They have a party area for kids birthdays and the standard gift store. All in all I'm definitely going back.  They still have a few kinks to work out but they'll get that ironed out soon enough. I think after the huge rush of kids (they just opened a few days ago) this will be a pretty neat place to visit.

Monday, December 9, 2013

Fugu and lived to tell the tale

The above fish is 1200 times more lethal than cyanide and I ate it! Ok more backstory, we were at our new favorite sushi restaurant here in Austin and the Chef offered us the Fugu / Puffer fish. A rare honor considering they only had two and don't stock it.

So more on this deadly fish. The toxin is stored in several places but most notably the liver. Improper preparation of the fish can result in the release of the toxin and death to the eater. The toxin: Tetradotoxin, shuts down the ability for your nerves to conduct electricity paralyzing your muscles ultimately shutting down your ability to breath. Usually the effects start/end anywhere within 10-45 mins of consumption (yes I was watching my watch and wondering if I was really feeling a tingling sensation in my fingers) There is no cure or antidote, they basically have to keep you on life support until you've metabolized the toxin and can start breathing again that's assuming you're able to get the hospital in time.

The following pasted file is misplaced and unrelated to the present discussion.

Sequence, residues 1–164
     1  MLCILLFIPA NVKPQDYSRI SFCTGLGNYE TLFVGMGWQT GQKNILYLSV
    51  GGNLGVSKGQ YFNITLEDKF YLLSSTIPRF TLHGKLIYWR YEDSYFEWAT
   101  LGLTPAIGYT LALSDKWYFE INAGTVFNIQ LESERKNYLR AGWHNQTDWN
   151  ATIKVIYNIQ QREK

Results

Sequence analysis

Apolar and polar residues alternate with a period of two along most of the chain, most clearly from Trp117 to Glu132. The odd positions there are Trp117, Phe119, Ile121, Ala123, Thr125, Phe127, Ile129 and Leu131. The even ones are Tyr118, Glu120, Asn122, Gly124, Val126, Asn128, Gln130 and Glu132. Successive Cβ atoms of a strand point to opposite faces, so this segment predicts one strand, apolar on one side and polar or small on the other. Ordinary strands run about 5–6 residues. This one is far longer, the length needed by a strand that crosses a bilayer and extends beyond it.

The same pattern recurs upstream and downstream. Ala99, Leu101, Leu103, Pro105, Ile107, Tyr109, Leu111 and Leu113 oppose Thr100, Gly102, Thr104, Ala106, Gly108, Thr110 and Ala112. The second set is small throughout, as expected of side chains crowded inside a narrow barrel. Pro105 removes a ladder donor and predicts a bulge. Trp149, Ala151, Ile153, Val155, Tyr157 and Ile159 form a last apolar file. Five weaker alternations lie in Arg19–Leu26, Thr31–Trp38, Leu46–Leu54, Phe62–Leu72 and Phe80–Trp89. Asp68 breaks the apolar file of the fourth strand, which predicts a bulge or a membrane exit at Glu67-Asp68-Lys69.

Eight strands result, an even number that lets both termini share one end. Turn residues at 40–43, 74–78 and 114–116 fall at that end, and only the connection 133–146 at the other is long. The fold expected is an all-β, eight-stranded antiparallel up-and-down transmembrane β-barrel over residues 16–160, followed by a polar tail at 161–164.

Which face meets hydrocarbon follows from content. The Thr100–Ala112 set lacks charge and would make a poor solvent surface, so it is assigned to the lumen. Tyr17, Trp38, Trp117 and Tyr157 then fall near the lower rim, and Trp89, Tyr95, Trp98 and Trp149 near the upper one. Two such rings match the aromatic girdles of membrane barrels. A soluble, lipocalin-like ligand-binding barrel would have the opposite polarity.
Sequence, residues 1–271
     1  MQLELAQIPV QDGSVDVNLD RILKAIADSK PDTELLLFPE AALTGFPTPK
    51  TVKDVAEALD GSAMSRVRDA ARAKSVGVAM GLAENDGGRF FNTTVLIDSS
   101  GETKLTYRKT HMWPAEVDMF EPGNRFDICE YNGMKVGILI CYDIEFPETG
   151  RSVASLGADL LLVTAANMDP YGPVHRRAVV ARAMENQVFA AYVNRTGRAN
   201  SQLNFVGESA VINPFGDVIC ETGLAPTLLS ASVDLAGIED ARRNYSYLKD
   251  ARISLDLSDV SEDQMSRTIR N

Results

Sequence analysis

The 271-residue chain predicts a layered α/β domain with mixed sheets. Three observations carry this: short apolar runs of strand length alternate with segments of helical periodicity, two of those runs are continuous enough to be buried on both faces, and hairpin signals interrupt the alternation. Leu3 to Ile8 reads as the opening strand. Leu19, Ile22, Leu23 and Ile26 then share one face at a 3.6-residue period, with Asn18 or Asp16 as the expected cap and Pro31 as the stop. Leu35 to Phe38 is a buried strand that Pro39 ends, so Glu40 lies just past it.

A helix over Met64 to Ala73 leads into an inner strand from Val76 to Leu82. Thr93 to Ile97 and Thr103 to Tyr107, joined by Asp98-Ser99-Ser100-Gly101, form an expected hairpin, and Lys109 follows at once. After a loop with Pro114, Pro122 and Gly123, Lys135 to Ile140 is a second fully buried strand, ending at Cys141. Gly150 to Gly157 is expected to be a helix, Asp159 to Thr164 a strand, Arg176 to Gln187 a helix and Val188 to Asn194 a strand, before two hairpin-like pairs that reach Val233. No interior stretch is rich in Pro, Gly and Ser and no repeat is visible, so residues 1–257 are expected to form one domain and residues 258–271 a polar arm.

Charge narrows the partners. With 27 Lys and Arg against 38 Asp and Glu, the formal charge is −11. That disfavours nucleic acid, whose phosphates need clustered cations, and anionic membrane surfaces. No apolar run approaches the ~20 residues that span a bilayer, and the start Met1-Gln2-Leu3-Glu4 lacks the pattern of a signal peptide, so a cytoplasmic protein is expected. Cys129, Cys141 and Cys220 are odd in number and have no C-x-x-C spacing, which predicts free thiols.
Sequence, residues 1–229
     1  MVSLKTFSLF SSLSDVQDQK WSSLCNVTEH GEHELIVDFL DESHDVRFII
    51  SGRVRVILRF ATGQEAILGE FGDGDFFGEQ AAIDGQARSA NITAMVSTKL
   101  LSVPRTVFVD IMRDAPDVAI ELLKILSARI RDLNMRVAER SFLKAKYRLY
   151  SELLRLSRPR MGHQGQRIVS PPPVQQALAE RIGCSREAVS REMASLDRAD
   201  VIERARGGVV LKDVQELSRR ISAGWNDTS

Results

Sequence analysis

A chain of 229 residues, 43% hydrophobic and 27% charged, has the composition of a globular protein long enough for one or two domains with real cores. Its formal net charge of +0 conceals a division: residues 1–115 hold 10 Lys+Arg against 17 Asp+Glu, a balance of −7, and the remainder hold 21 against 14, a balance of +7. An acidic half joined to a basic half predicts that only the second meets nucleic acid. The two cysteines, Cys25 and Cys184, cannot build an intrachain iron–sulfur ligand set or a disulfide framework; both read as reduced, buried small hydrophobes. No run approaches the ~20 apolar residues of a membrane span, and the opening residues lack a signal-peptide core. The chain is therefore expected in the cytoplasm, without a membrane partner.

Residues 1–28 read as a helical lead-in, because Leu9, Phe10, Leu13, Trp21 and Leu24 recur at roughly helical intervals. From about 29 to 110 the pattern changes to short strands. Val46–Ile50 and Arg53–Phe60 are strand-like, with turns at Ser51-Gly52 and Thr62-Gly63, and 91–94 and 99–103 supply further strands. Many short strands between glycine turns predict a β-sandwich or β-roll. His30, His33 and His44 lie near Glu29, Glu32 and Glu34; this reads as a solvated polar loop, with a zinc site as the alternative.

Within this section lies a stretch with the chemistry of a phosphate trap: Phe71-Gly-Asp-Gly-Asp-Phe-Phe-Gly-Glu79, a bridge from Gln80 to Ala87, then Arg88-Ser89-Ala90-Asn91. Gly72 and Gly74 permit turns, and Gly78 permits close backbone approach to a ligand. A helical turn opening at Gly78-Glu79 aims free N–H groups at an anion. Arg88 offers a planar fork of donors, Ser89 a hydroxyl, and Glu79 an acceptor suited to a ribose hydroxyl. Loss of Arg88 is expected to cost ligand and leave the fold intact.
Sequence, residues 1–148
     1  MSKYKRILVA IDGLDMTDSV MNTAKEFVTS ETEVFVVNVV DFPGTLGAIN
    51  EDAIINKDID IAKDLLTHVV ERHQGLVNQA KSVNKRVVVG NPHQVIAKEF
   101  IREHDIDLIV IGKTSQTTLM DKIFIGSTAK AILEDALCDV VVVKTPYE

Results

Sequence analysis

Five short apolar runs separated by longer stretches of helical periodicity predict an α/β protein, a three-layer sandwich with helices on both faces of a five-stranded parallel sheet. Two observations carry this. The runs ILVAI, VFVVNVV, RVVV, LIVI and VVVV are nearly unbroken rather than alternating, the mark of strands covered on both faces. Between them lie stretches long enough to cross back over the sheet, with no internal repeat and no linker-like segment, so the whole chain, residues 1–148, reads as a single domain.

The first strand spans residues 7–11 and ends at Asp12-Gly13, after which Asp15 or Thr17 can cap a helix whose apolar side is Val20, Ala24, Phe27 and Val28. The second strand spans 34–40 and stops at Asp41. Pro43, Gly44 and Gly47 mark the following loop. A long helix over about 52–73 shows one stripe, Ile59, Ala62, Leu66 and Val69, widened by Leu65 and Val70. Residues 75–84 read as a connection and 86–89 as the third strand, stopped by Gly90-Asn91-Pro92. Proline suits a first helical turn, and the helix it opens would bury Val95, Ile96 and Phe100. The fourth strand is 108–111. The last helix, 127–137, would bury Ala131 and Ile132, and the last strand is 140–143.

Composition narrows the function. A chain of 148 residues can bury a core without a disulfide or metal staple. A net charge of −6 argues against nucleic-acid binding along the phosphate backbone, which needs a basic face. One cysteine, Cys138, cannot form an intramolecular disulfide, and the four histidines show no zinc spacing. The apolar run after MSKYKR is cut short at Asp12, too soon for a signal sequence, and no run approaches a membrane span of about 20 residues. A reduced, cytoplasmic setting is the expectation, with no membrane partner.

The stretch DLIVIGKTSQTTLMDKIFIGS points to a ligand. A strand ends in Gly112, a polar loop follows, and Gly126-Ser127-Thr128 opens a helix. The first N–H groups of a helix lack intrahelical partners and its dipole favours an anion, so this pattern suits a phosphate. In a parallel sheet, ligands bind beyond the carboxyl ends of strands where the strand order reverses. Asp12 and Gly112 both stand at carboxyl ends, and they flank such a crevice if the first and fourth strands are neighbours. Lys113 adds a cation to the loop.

Why? well, among the many foodie "lists of food you've eaten" I usually score pretty high. But most common to all of the lists is the deadly puffer fish. Always there preventing me from scoring a 100%. It's on my "bucket list" probably one of the few items that could actually cause a kicking of said bucket. I've heard of this "delicacy" as long as I can remember and honestly when the opportunity finally presented itself I was a little frightened. My wife's enthusiastic "let's do it!" pushed me over the edge. Also we trusted the chef.